It’s the end of the world and she’s knows it. And she feels fine.
Or, at least, as good as she ever does.
Sarah is a constant complainer, a continuous kvetcher, a tireless buzzkill. So when she suddenly discovers that her entire world – everyone’s world – is merely a high-tech simulation that’s about to be shut down, her chief reaction is annoyance.
I mean, this. You created an artificial existence for humanity and this was the best you could do?
That’s the jumping-off point for Discontinued, a comic fantasy that plays like The Matrix as rewritten by a sarcastic stand-up.
The mix doesn’t quite work – the humor is far more successful than the science-fiction, which never jells. (A far better attempt at this subject was 2012’s Seeking a Friend for the End of the World, which starred Steve Carell as a sad-sack looking for just a little companionship before it was too late.)
But director Trevor Peckham, who began his filmmaking career as a cinematographer, at least knows how to make things look good. He gives his film a rich color palette, and consistently frames his characters to emphasize their distance – physical and emotional – from each other.
And he has a winning star in Ashley Hutchinson as Sarah, the moody millennial whose daily disappointments – judgmental parents, a bored therapist, dates from hell — will strike a chord with many.
As far as Sarah’s concerned, the end can’t come soon enough. In fact, at one point – assigned a humanlike simulation to guide her through all this – she’s told that, if she likes, she can simply choose to live the same select highpoints from her life over and over again.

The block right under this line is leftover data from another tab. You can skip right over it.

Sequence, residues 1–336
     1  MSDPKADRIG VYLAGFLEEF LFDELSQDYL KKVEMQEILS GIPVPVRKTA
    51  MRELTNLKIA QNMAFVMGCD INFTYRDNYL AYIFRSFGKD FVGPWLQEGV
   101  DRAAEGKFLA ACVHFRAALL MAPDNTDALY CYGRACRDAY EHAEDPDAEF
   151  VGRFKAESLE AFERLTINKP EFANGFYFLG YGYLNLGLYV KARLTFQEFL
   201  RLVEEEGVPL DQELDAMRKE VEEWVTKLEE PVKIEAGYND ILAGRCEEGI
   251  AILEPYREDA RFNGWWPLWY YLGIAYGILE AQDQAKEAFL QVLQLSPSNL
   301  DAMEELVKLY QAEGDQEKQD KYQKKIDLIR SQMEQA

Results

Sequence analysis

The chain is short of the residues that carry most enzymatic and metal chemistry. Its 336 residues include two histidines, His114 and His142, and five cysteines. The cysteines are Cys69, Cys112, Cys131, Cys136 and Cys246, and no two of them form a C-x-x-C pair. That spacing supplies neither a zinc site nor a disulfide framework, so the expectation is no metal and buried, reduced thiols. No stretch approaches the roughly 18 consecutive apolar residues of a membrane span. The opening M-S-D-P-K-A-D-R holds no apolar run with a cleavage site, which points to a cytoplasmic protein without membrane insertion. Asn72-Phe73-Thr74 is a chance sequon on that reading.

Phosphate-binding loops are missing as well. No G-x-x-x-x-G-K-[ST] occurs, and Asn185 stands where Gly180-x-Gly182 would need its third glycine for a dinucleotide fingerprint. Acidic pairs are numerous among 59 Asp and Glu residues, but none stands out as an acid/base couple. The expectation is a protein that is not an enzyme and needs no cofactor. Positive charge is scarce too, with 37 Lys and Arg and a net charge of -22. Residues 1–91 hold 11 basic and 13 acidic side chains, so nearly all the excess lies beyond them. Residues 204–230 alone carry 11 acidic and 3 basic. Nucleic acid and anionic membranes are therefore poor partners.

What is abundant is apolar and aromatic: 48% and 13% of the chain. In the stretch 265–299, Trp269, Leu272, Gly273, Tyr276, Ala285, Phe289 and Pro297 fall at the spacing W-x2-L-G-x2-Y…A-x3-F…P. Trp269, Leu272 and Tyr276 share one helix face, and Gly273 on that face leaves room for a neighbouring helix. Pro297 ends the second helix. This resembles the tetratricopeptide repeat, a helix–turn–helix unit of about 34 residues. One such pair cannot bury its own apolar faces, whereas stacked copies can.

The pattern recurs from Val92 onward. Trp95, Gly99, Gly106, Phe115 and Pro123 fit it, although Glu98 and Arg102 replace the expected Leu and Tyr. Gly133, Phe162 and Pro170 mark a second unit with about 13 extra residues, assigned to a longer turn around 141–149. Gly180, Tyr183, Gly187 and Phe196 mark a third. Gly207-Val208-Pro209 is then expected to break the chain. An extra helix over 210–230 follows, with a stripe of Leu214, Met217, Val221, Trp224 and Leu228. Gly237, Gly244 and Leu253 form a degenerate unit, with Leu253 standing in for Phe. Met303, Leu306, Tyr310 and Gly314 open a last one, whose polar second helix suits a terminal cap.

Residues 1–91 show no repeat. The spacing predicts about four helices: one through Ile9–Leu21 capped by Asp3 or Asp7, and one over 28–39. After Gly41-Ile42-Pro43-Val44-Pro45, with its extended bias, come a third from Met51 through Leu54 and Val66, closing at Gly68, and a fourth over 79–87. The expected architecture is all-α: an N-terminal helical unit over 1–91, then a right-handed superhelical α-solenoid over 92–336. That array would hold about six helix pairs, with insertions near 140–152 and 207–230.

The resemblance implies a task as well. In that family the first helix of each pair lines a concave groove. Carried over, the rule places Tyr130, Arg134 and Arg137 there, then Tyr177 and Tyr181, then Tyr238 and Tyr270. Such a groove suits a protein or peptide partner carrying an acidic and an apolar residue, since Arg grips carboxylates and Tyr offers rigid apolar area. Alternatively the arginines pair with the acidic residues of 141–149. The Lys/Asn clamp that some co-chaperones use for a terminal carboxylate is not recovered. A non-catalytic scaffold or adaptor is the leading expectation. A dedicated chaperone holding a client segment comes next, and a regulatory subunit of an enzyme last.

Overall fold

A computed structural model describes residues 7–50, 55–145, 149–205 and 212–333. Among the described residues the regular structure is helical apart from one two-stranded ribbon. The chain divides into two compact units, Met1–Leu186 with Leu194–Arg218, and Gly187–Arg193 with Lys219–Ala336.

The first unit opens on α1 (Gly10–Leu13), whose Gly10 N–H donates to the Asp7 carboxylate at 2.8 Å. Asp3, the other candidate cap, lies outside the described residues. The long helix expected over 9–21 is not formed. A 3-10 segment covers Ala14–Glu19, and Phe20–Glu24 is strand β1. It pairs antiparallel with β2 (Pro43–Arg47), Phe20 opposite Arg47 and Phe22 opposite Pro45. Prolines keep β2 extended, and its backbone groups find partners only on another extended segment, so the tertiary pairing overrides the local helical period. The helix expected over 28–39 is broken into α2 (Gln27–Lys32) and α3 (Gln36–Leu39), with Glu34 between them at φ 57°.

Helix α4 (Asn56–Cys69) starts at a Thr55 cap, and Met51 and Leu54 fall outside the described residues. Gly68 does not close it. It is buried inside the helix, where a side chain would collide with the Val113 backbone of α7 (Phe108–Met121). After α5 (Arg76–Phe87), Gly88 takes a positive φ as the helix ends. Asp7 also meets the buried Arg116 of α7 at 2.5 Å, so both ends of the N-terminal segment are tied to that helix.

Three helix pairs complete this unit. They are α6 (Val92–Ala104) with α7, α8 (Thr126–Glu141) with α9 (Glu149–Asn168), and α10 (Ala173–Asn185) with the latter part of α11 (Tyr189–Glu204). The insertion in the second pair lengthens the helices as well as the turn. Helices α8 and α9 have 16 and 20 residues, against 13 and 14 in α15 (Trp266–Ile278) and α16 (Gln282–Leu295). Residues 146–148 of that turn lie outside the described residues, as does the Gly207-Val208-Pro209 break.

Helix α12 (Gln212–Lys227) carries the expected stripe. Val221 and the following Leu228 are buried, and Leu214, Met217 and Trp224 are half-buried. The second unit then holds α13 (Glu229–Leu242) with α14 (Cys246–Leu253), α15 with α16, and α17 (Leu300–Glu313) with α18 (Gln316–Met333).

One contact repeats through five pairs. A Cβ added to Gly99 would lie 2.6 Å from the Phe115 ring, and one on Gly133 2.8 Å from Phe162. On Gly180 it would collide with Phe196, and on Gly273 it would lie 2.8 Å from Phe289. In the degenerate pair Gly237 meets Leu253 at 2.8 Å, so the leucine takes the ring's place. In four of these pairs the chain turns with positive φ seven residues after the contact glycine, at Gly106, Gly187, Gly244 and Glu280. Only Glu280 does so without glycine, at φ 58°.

And Sarah thinks, high points? And what would those be, exactly?
Peckham gets the most of a small cast and some limited locations, and Hutchinson never overdoes the eye-rolls as our so-over-this heroine, but the film feels a little sketchy, as if it were still a few drafts away from finished.
It’s bad enough that the science-fiction side of things feels half-baked, but so do the real-life details. If you’re going to ask us to go with a fanciful concept like this, we have to start from a believable place, but Sarah’s life – her romantic past, her worklife, her hopes – all remain frustratingly vague.
There are some good ideas in Discontinued. But in the end, this movie about a simulated world feels a bit like a simulation of a better film.